Christian worship

From Wikipedia, the free encyclopedia.

Jump to: navigation, search
This article is in need of attention.
You can help Wikipedia by editing it into a better article.
Please also consider changing this notice to be more specific.
Part of the series on

History of Christianity
Ecumenical councils
Great Schism

The Trinity
God the Father
Christ the Son
The Holy Spirit

The Bible
Old Testament
New Testament
The Gospels
Ten Commandments
Sermon on the Mount

Christian theology
Salvation · Grace
Christian worship

Christian Church
Orthodox Christianity

Christian denominations
Christian movements
Christian ecumenism

In Christianity, worship has been considered by most Christians to be the central act of Christian identity throughout history. Many Christian theologians have defined humanity as homo adorans, that is, the "worshipping man," and thus the worship of God is at the very core of what it means to be human.




Throughout most centuries of Church history, Christian worship has been primarily liturgical, characterized by formal, set prayers and hymns done in a particular order according to specific rituals, whose texts were rooted in, or closely related to, the Scripture, and particularly the Psalter. Set times for prayer during the day were established (based on Jewish models), and a festal cycle throughout the Church year governed the celebration of feasts and holy days pertaining to the events in the life of Jesus and also of the saints of both the Old Israel and the New (the Church).

A great deal of emphasis was placed on the forms of worship, as they were seen in terms of the Latin phrase lex orandi, lex credendi ("the rule of prayer is the rule of belief")—that is, the specifics of one's worship express, teach, and govern the doctrinal beliefs of the community. To alter the patterns and content of worship were to change the faith itself. As such, even though there was always a certain amount of variety in the early Church's liturgical worship, there was also a great deal of unity. Each time a heresy arose in the Church, it was typically accompanied by a shift in worship for the heretical group. Thus, orthodoxy in faith also meant orthodoxy in worship, and vice versa. Even the very word orthodoxy means both "right faith" (literally, "straight opinion") and "right worship" (literally, "straight glory"). Thus, unity in Christian worship was understood to be a fulfilment of Jesus' words that the time was at hand when true worshippers would worship "in spirit and in truth" (John 4:23).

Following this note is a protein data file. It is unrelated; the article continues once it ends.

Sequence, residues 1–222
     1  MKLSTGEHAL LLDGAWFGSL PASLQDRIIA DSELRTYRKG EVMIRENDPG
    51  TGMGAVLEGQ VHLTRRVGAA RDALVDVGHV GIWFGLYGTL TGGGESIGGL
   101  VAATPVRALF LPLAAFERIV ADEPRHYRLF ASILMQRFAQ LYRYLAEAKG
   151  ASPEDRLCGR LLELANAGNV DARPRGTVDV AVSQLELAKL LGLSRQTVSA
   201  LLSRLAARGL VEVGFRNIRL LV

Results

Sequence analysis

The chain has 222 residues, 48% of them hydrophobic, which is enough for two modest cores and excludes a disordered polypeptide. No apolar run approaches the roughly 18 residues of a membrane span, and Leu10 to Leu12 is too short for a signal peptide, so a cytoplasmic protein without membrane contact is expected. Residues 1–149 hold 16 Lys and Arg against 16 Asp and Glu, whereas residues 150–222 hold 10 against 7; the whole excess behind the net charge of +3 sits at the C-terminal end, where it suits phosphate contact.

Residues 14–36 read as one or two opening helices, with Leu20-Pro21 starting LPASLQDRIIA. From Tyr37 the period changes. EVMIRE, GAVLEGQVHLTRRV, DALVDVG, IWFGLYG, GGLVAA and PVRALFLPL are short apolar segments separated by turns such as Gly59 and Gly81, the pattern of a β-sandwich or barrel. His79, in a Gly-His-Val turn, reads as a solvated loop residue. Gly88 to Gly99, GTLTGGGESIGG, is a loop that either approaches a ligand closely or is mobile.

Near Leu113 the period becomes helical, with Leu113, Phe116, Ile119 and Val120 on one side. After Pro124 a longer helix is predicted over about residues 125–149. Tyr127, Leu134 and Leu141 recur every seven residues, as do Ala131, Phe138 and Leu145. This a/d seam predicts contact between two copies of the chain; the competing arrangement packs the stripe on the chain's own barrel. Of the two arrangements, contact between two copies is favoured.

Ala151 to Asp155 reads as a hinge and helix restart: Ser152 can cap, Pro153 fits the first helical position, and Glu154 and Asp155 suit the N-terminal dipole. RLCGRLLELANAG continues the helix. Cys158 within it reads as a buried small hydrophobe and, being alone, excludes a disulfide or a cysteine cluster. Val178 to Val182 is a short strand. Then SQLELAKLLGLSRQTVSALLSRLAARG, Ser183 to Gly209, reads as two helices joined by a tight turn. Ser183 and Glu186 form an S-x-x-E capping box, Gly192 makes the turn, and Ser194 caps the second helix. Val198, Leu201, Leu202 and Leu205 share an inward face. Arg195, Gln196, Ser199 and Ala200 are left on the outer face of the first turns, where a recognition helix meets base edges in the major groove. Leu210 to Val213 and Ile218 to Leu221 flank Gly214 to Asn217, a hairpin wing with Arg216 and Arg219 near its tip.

The very early development of Christian worship is lost in the mists of the history of the very early Church, but Christian worship is, in general, rooted in the worship of Judaism of the Second Temple period. The Gospels and the Acts of the Apostles present the very early Christians, then still very much a part of the Jewish scene, as frequenting both the Temple and synagogues, as well as worshipping in private homes, frequently to "break bread," a term which connotes both the sharing of a ritual meal, of which the Passover meal is the best known example; and, within that context, celebrating the Eucharist. However, such meals were celebrated much more frequently, especially on Shabbat or the eve of Shabbat. Thus, Acts 2:42 presents the very early Church of Jerusalem as "continuing in the Apostles' teaching and fellowship [or "communion], the breaking of bread, and the prayers."

(Please see Talk:Christian worship for some areas this section needs to address.)

Types of Christian worship

Liturgical traditions common to East and West

See also: Christian liturgy

Eastern Christianity

Western Christianity

Major collections

Non-Liturgical traditions



Profession of Faith




Classical & Baroque



Holy days and seasons

Contemporary forms

Personal tools